you mention black powder shooting, most people assume you are speaking
of black powder rifles, maybe black powder pistols, but rarely black
powder shotguns. The rifles get all the glory, and shotguns are
relegated to the background. That's too bad, because a more versatile
and enjoyable black powder gun doesn't exist than the shotgun.
northwest trade guns, fowling pieces, even muskets can all be thought of
as forms of the shotgun, although the gun we normally give that name is
a fairly late arrival on the scene, somewhere in the second or third
quarter of the 19th century. The typical form of that gun was a
side-by-side double barrel percussion shotgun, and from it evolved,
directly, the modern shotgun.
of the name, and whether flintlock or percussion ignition, all those
guns have certain things in common, and the care and feeding, shooting
and cleaning of them all can be considered as one topic.
One Third the well-turned Shot superior Must
and overcome the nitrous Dust,
development for the shotgun is, overall, easier than for a rifle
shooting a patched ball, but attention to some principles will yield
better results. Here, the versatility of the shotgun is evident, because
every shot is essentially a custom hand loaded one, the only difference
being that it is done in the barrel, not in a shotgun shell.
First, the powder used should, generally, be of a
coarser grade than for other black powder guns. Experience shows that
the slower ignition and lower peak pressures of the coarse powders give
more even and consistent patterns in most guns. Thus, FFg is considered
best for 28, 24 and 20 gauge, and most people include 12 gauge in this
group. In 11 and 10 gauge, Fg will give good results. FFFg powder can be
used in the smaller gauges, but most experienced shooters feel the
rapid, high pressures generated tend to 'blow' the pattern.
Second, the amount of powder needs to be balanced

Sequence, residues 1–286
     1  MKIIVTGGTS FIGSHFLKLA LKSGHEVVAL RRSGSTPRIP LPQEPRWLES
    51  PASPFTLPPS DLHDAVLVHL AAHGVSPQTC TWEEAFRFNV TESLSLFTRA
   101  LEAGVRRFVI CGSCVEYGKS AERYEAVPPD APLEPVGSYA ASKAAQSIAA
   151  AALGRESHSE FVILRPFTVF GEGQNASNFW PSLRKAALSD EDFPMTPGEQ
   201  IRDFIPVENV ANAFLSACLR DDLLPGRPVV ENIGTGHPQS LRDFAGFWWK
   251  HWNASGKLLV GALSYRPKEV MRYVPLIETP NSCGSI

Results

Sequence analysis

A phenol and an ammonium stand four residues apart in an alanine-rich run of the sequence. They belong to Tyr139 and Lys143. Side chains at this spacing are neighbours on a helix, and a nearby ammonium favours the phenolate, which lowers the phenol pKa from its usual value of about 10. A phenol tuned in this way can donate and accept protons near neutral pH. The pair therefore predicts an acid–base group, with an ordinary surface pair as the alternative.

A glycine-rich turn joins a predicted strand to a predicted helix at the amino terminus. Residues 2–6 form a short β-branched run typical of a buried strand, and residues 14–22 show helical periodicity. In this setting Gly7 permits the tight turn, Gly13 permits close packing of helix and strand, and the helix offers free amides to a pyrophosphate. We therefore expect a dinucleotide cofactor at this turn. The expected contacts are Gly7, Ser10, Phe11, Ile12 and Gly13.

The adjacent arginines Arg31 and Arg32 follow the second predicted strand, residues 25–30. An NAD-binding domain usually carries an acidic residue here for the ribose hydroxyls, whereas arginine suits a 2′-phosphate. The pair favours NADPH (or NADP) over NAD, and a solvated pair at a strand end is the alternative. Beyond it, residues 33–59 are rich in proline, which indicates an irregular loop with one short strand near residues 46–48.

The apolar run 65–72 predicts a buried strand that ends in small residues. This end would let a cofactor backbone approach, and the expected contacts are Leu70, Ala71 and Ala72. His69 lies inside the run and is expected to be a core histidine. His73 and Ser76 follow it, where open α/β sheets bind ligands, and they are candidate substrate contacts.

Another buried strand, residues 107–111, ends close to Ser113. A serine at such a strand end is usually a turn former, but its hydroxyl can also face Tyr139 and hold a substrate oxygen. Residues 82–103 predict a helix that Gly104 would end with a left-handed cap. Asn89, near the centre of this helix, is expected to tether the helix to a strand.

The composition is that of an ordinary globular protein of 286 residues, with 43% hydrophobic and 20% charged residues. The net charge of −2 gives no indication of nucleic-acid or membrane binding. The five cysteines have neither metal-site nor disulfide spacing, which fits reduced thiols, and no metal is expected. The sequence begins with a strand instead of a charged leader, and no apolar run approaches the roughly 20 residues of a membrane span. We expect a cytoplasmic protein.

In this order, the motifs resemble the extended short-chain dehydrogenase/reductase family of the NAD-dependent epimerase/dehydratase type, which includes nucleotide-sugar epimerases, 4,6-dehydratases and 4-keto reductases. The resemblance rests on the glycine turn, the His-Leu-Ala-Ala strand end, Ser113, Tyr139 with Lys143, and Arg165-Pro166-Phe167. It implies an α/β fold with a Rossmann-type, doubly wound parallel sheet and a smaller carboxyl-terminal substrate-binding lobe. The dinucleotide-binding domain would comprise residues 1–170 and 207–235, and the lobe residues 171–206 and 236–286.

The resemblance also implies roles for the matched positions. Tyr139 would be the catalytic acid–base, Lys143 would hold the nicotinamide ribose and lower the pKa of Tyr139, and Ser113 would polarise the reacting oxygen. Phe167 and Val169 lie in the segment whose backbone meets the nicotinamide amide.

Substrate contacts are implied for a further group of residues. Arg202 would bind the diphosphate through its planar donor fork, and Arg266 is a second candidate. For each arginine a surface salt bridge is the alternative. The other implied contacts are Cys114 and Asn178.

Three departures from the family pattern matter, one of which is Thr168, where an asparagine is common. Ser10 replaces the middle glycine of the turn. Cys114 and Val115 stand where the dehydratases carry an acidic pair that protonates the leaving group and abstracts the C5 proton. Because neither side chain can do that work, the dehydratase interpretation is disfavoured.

against the amount of shot being used. The sport of black powder
shooting is rife with 'rules of thumb', many of which turn out to be not
at all useful, but one used in black powder shot gunning has stood the
test, and works very well in most shotguns. That rule is: Use the
same volume of powder and shot. That is easily accomplished by
using the same measure to load both shot and powder. A good way to
approach this is to decide upon the amount of shot needed, say 1 1/8 oz.
for rabbit hunting, set the measure for that, and use it also for the
powder. If the game is passing ducks, maybe you want to increase the
load to 1 1/2 oz. of shot. If so, apply the same method, and good
patterns will result with that combination.
is generally true that any change in ratio from equal volume loading
will affect the pattern, and that can be used to custom tailor loads for
different circumstances. Shooting more powder than shot will, in most
guns, tend to open the pattern a bit, and if that doesn't create too
many 'holes' in it, can be used to mimic the effect of less choke.
Conversely, using less powder than shot, by volume, will tend to tighten
the pattern, make it more dense. As is obvious from Mr. Markland's poem,
this principle was understood even by the very early 18th-century wing
shot....One Third the well-turned Shot superior Must Arise, and overcome
the nitrous Dust...or, as much as 1/3 more shot than powder, by volume.
search for Tow, and some old saddle pierce:
Wadding lies so close or drives so fierce.
the type and amount of powder and shot are decided upon, the shotgun
load can be constructed. First, the powder is put down. Then, some form
of wad is used over the powder, to keep the flame of the igniting powder
from invading the column of shot as it moves up the barrel. This would
not only disrupt the column by blowing hot gases through it, but could
melt/deform the individual shot, causing them to sail wide once they
escape the muzzle. The standard over-powder wad used by most is simply
dense cardboard, 1/8 inch thick. For many decades it has been thought by
some that a soft cushion wad should go down next, the idea being that
some of the shock of the igniting powder would be absorbed by that soft
wad, thus protecting the shot. These cushion wads are available in two
basic forms, a harder, more dense 'fiber' wad, and a softer 'paper felt'
wad. Both are about 1/2 inch thick. Once these are down, the shot is
dropped, and then an over-shot wad, usually 1/16 inch cardboard, is put
in last, simply to keep the shot from rolling out of the barrel.
late Mr. V. M. Starr, the shotgun guru from Eden, South Dakota, stated
that he saw no use for cushion wads, at all. He cut his own wads from